“I have never not been proud of David,” says supportive friend and comedian Christine Basil, who first came into contact with young comedian David Rose during his performance at The Basin in 2013. “I was simply blown away by his insight, timing, passion, ability, knowledge, intelligence, and, above all, clever humour. My instinct was simply to encourage, support and help this young inspiring comic in any way possible.”
David, who comes from a Jewish background with atheistic parents, received his first gig in 2013, preforming at RAW Comedy. He recounts, “I remember being in the fetal position on the floor behind the stage just rocking back and forth before I went on.”
Initially feeling rather unprepared and ill-equipped, David began his journey with gigs around Melbourne, performing with comedians like Dave O’Neil and Tommy Little.
Now a 2015 RAW Comedy finalist with performances at the Monash Law Review and the 2015 Melbourne International Comedy Festival, David has become, as Christine would describe, “an incredible actor, writer and comedian.”
Christine says his role in the ‘No Regerts’ MICF 2015 Law review show was a stand-out proud moment. “It was a great opportunity that showcased his natural talents… After his ‘No Regerts’ performance, he took the time to find me and have a chat. A thoughtful gesture that did not go unnoticed.”
David remains humbled by his achievements, much of which is the reason his parents have never seen him perform. It became a matter of making them proud and receiving their gratification when the time was right. “Why would you want to see something that’s half-baked. I’d prefer them to come see me in ten years when I’m great than in four years when it’s clear that I have more work to do. If they died in a car crash tomorrow, at least they didn’t see me perform… the fantasy of achievement is sometimes better.”
As well as performing gigs in and around Melbourne, David is currently studying law at Monash University: “There are elements of the law I enjoy, but I don’t think I would be very well suited in a law firm; I go a bit stir crazy.”
Comedy for David is much more freeing and liberating than anything imaginable. No law firm could ever amount to this feeling, no job, no occupation and no profession. Comedy had well and truly made its way into David’s life. No matter how big or small the crowd, David is sure to put on a show.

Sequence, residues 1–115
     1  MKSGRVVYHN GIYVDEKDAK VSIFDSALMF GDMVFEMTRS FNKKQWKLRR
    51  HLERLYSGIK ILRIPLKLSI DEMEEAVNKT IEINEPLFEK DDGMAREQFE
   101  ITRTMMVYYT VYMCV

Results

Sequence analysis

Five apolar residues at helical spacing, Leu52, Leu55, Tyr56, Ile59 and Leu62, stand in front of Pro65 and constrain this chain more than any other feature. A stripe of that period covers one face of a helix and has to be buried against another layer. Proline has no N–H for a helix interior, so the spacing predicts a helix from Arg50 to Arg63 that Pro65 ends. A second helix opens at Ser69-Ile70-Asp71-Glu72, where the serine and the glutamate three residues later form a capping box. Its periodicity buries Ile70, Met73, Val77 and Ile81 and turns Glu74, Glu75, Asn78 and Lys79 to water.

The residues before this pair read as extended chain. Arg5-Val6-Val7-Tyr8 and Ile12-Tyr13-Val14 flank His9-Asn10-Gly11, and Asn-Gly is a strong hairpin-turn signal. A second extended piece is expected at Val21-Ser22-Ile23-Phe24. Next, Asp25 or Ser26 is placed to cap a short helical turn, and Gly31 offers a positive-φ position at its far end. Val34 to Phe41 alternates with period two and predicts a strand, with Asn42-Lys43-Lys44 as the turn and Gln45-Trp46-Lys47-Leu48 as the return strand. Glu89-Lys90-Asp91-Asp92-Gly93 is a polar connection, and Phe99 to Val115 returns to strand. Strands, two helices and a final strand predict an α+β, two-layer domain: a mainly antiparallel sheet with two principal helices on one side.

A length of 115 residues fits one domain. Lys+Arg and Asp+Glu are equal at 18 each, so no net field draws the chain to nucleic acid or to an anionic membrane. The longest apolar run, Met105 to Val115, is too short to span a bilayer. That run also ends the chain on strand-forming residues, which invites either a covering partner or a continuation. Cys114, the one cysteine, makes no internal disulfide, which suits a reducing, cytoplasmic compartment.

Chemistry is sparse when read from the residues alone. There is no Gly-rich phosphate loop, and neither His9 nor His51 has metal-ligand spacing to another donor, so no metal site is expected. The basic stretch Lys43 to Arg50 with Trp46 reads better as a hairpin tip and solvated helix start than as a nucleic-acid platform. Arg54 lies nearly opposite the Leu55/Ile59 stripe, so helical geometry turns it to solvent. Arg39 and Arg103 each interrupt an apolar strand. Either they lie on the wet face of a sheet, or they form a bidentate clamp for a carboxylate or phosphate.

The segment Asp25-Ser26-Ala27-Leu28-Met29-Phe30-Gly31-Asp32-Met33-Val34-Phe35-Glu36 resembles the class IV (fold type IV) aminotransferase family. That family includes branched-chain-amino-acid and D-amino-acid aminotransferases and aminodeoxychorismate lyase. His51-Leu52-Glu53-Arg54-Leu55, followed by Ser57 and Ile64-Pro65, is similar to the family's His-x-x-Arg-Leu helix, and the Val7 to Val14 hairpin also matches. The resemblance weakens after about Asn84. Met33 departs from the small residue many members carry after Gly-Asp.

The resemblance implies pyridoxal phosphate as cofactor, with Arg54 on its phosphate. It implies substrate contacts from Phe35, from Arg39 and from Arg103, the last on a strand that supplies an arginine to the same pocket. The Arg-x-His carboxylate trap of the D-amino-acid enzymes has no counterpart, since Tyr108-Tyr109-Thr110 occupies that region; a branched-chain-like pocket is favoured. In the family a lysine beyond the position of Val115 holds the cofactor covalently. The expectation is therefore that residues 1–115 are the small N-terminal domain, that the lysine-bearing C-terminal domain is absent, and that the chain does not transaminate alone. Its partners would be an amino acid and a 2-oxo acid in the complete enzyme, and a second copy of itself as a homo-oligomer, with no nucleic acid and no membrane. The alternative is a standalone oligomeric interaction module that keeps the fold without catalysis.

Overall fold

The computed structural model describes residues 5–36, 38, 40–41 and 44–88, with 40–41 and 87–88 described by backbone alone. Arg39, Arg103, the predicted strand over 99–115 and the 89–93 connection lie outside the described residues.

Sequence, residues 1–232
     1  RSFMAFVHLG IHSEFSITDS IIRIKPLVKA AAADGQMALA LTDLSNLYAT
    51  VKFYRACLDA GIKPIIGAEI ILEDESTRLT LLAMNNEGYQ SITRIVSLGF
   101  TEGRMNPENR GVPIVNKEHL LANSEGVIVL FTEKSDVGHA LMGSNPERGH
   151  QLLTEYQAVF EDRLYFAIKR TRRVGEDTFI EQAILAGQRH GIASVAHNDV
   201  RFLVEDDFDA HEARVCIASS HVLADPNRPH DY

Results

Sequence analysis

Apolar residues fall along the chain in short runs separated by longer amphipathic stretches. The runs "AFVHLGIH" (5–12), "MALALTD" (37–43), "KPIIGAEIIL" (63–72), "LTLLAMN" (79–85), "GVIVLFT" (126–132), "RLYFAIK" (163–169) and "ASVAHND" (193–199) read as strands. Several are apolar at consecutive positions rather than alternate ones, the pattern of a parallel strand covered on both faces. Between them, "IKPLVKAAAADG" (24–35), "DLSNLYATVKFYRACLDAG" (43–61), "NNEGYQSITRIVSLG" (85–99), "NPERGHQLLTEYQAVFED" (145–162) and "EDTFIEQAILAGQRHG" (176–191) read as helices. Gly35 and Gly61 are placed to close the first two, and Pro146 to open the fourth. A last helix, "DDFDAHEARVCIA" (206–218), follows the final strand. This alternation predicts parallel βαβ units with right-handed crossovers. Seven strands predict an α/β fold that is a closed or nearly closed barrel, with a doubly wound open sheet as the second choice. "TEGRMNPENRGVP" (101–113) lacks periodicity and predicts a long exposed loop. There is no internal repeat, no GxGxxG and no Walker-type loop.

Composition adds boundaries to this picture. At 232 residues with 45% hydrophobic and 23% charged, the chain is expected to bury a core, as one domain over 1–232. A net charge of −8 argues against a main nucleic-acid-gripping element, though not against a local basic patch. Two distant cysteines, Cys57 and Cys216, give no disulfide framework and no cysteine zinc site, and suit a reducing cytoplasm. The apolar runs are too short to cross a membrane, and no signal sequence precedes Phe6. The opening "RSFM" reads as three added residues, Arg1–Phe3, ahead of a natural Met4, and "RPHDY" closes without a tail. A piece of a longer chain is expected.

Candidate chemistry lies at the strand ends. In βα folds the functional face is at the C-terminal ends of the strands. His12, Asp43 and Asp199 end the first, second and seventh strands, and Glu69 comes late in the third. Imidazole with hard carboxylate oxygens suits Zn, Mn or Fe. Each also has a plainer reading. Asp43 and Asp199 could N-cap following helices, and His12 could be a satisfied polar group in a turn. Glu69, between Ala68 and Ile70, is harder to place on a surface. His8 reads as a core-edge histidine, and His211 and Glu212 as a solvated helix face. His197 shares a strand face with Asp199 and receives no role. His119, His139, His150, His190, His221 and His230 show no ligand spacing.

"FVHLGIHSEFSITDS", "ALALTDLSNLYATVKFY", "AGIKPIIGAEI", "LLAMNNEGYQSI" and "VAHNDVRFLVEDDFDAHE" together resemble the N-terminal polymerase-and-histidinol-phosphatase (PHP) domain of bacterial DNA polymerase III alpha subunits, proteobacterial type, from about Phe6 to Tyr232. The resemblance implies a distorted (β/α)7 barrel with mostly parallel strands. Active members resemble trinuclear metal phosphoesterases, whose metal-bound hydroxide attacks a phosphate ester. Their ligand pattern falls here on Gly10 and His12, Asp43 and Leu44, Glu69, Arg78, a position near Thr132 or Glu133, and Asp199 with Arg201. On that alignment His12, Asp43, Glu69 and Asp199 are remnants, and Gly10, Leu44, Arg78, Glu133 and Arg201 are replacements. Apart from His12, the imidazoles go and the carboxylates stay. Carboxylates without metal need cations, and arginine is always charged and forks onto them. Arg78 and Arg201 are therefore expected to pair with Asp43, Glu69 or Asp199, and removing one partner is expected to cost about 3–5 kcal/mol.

“There are times where I have written comedy articles online and have gotten two million views and I didn’t feel anything. You see a number and you see two million and you go, what does that mean, because you don’t have that personal connection. Some things that look like a high benchmark of success actually don’t feel as good as the ones where you connect to people. I love doing a gig for two people.”
His grandfather, a well-known comedian in the ’30s, most famous for his monologue Levinsky’s Wedding, may have been a driving factor for David’s innate attraction to comedy. David regularly uses his comedy to make people think. He aims to move away from the generic material that often has no meaning or relevance.
“If I’m going to do comedy, I’d like to leave a mark. You see these people and they do really great, but they are just great. They are just very funny comedians and it’s like, is that enough. Maybe that’s enough for some people. I don’t want to be celebrated or anything but I would at least need to have felt like I contributed to whatever industry I was in. If I was an architect for example, I wouldn’t just want to build a building, I would want to build an influential building.”
David Rose will be preforming in the upcoming Fringe Festival on the 26th September to the 3rd of October in a show called The Outsiders. Performing alongside comedian Michael Shafar, they aim to cover topics of race, religion and disability.
Promising to make you laugh until you cry, do not miss this incredible opportunity to see David do what he does best.
“If I could make enough money and do comedy and do nothing else that would be enough… just having that laughter and acceptance from a crowd, provided you do well, is a real salve.”